Recently on my Instagram stories I talked about how I’m doing, struggles and stresses and what I’m doing to tackle it. But I wanted to document it here as well, to act as a reminder to myself. For some months during lockdown I started to develop breathing problems where I just felt I couldn’t catch my breath. I visited the GP about it, who said it was anxiety related most probably postnatal depression and wanted me to meet with a specialist to discuss it further. This was hard to hear and I felt talking to someone wouldn’t help me get out of that frame of mind, I needed to change things myself – and that’s just what I’ve done.
Lockdown was hard for everyone, in fact it was less impactful for me than others as our daily life didn’t change much apart from not being social with others outside of our bubble. So I want to empathise that I know I’m not the only one and I’m sure there’s a lot worse stories out there.
Seth was born in January and shortly after we went into full lockdown. Even without lockdown Seth was a ‘hard’ baby to me. He suffered with long crying spouts, colicky behaviour (the constant, nerve fraying crying still has me on edge) and he became very dependant on me (and only me). I was left hating this new change of having three children and felt myself becoming a horrible mum. I felt ashamed and knew this wasn’t me, after all i was living my best life, the life I have always wanted and dreamt of. Let me say I love all my sons, Seth included, with every fibre of my being and since making the changes, I love being a mum nowadays. But in the beginning motherhood with three did not come easily.
Gavin wass at work for most of the day and by the time he came in all boys were in bed so he was unaware of exactly what the situation was. The biggest healer was that old cliche… time. In time, Seth started to smile, he interacted, he fed and entertained himself. In short, he gave something back. And that’s the funny thing about motherhood, it’s constantly evolving. I kept reminding myself I wasn’t a bad mum for feeling the way I did and I also told myself on a regular basis that this phase would end soon.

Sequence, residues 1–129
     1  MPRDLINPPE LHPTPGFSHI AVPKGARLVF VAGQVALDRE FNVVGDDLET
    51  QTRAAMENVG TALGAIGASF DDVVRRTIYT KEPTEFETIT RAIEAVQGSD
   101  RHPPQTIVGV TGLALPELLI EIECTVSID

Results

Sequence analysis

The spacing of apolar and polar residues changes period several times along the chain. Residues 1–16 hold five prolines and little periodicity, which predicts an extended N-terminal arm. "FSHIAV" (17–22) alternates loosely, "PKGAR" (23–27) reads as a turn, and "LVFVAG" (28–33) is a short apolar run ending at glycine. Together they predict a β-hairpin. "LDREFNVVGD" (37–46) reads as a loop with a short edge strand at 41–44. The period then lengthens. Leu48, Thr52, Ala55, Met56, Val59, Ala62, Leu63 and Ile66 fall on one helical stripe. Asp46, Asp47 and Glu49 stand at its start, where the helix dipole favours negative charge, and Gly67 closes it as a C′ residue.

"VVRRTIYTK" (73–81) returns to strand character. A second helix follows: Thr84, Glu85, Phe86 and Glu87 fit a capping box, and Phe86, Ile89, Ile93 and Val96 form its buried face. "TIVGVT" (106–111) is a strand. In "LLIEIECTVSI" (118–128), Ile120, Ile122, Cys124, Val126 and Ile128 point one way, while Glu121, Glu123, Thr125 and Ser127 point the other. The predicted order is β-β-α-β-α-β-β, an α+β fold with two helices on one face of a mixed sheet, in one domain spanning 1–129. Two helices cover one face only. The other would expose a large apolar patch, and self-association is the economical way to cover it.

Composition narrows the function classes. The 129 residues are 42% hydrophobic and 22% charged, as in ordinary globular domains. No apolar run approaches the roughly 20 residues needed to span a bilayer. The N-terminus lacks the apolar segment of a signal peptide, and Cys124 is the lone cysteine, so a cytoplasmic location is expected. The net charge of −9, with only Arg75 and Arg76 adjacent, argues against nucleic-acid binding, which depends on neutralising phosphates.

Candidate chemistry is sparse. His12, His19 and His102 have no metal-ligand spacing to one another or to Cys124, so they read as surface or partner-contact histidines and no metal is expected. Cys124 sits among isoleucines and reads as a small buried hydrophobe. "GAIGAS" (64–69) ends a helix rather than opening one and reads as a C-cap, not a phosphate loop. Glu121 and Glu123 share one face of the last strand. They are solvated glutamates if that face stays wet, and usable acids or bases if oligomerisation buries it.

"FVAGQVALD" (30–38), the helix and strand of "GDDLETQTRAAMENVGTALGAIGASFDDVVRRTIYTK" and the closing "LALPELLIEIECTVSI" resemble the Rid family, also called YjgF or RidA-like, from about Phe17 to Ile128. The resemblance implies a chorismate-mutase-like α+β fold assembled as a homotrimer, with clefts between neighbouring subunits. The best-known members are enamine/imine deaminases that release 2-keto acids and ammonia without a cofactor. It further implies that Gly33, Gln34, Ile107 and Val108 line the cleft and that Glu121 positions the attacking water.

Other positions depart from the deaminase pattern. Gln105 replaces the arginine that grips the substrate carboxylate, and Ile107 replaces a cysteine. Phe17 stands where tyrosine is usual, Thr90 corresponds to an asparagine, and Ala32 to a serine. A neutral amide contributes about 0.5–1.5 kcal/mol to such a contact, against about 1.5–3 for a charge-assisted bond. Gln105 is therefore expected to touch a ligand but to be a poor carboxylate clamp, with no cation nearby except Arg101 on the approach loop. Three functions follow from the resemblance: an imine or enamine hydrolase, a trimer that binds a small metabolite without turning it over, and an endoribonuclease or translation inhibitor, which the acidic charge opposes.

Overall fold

To combat my feelings and try to help my anxiety levels, I put an action plan in place. Starting with me and my life and then looking at the children. I’m a lover of a list, so out came the notepad and pen. I first planned Christmas and upcoming birthdays to an inch of their lives – something to aim for, something to look forward too. I then wrote down a cleaning tick list, what needed to be done in each room. I then planned some me time, nails, eyebrows and training/ Pilates (exercise wise) something just for me, my downtime. I then wrote out a ‘schedule’ of each day (it’s very loose timings) and what needed/ wanted to be achieved that day – I still do my to do lists each day on top of that! Finally I put a structure in place for the boys play to give them freedom without causing chaos and to lighten my load.
All these things have helped my mood and outlook. I’m much more positive and don’t feel consumed by guilt. I now can’t imagine life without my beautiful boys. Their my world and it makes me sad that I didn’t enjoy Seth more, when he was younger. I’m certainly not saying I’m cured but I’m heading in the right direction and it may rear it’s ugly head again but I know I have coping mechanisms in place that I can control. My breathing is improving and I’m able to talk to Gavin and share my day with him more.